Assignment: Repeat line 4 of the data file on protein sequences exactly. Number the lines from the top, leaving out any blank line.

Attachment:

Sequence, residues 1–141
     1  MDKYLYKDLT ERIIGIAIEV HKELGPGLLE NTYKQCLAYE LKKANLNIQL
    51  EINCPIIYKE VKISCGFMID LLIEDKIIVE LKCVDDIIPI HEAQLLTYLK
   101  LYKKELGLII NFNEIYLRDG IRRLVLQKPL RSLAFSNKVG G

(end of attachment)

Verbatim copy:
   101  LYKKELGLII NFNEIYLRDG IRRLVLQKPL RSLAFSNKVG G